Trade Wars

Divided over Huawei

Print edition : August 14, 2020

The United Kingdom flag and a smartphone with the Huawei 5G network logo. Contrary to his decision in January to allow Huawei to sell a limited amount of equipment for U.K.’s 5G networks, Prime Minister Boris Johnson announced on July 14 that all imports of Huawei equipment would be stopped by end 2020. Photo: Dado Ruvic/REUTERS

The coordinated attack against Chinese telecom giant Huawei threatens to split the ranks of the Western alliance, even as Donald Trump’s caprices endanger the viability of companies in the global telecom ecosystem.

No corporation in the history of modern capitalism has faced the kind of coordinated attack that the global telecom equipment leader Huawei has in the last few months. The United States administration under President Donald Trump has not even pretended to abide by either diplomatic niceties or business courtesies. Instead, it has brazenly tried to obstruct the progress of a company that has had a meteoric rise in the global telecom business in the last decade (“Boycotting Chinese products: Bravado is no substitute for business” Frontline, July 31, 2020). 

As the world stands at the cusp of the next wave of innovation in communications, heralded by the possibilities offered by 5G, the U.S. establishment’s unsubstantiated innuendo against the Chinese giant threatens to bend relations with its allies to breaking point. Meanwhile, the brash move threatens to disrupt or even wreck the 5G global technology ecosystem in which Huawei has played a key role.

Attack on Huawei

For several years now there have been allegations, mostly unsubstantiated, that networks using Huawei components may be prone to attacks because of “back doors” that enable surveillance. These vague threats sharply escalated in May 2019 when the Trump administration, citing allegations that Huawei had violated sanctions against Iran, barred U.S. companies from supplying “dual-use” military-grade technology to Huawei. 

But this move was largely inconsequential for U.S. companies because the sales of overseas subsidiaries of U.S. companies remained unaffected by the ban. For instance, even a leading chipmaker such as Intel has about 40 per cent of its assets located overseas. Other U.S. semiconductor companies such as Analog Devices, and leading chipmakers such as Samsung (South Korea) and TSMC (Taiwan), also have most of their productive assets located outside the U.S. The sale of the basic building block in electronics thus escaped the ban on supplies to Huawei.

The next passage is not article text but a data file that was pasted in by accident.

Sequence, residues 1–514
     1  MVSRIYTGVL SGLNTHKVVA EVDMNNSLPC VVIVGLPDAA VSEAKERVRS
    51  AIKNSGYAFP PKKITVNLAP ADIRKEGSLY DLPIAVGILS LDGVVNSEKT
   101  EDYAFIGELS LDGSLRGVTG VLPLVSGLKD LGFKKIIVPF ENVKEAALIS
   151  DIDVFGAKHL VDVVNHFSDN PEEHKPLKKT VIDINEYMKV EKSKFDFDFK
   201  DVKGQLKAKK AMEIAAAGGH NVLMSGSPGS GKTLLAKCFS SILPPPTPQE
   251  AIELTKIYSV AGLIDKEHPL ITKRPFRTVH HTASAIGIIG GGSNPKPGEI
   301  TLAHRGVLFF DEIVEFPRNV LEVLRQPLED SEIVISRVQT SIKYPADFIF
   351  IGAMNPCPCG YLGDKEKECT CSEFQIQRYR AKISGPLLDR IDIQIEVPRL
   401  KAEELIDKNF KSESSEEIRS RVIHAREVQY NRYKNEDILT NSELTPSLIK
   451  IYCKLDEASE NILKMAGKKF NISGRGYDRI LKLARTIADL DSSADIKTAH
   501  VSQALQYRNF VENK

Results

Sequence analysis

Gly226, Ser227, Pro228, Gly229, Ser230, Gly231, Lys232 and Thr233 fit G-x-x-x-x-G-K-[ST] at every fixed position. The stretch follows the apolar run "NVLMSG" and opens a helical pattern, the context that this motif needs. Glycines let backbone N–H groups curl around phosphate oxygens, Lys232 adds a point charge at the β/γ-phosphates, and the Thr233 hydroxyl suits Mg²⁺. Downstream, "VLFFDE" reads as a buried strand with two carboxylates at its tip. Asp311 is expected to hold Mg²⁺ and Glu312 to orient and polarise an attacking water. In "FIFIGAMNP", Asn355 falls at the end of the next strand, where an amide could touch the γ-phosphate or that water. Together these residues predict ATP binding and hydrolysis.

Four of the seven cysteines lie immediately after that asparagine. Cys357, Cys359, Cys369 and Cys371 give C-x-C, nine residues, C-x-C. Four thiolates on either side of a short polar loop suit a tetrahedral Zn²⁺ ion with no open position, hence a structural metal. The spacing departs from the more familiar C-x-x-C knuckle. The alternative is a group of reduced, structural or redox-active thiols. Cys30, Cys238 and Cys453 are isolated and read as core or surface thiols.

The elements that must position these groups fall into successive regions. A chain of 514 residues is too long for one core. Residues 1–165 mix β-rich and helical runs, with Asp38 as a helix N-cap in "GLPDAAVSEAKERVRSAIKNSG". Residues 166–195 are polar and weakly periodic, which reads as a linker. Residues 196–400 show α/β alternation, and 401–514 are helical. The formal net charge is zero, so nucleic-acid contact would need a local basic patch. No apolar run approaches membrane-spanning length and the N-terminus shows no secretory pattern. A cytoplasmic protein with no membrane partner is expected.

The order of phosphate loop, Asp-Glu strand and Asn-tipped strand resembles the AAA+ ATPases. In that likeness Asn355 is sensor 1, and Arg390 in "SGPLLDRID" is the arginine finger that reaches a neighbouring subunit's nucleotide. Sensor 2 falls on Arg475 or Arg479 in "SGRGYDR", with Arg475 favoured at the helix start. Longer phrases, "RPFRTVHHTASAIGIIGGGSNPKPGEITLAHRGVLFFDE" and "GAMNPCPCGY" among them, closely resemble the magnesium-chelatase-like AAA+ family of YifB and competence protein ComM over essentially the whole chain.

The “top dozen” global semiconductor majors have only one-fifth of their physical assets located within the U.S, according to a recent estimate by The Economist. Thus, U.S. companies, too, have been participants in the global supply chain, which required their own production bases to be closely aligned with other entities in the global market.

Realising the utter inconsequence of his actions, Trump significantly escalated the attack on Huawei a year later. On May 15, the U.S. administration announced that any entity, anywhere in the world, that supplied hardware or software that went into any components of Huawei-designed equipment would be barred from U.S. markets. 

This marked a qualitative shift. The conflict now threatened to engulf entire supply chains not just in the telecom ecosystem but everything in the realm of electronics manufacturing. Not surprisingly, Huawei has been the cynosure of all eyes because it is widely acknowledged to be the leader in the development of the 5G family of technologies, which are still evolving. Huawei is way ahead and the leader of the pack. In fact, even before the COVID-19 pandemic, industry experts across the world reckoned that it had a 12-18-month lead over its nearest rivals.

Divided allies

These developments have created deep schisms not only within industry and business but also between governments. U.S. adventurism is increasingly seen as unviable, especially in a world that has been cajoled by sermons on globalisation that demand a seamless world. While countries such as the United Kingdom and Australia have succumbed to U.S. pressure, it is unlikely that other countries, such as Germany and the rest of the European Union, will fall in line soon. Germany is expected to decide on this issue only in September at the earliest; even then, it is not clear what the scope of its decision would be, or whether it is even considering a complete ban. Reacting to the shrill demands in the U.S. that Europe fall in line, and chastened by the U.S’ threat of sanctions against them for sourcing gas from Russia, Europeans are increasingly in a mood to resist U.S. pressure, even if only as a “nationalistic” response. Governments in East Asia, Africa and even Latin America are unlikely to fall in line with U.S. demands quickly. After all, it is evident that China is likely to be the first country to decisively emerge from the ongoing global recession caused by the COVID-19 pandemic.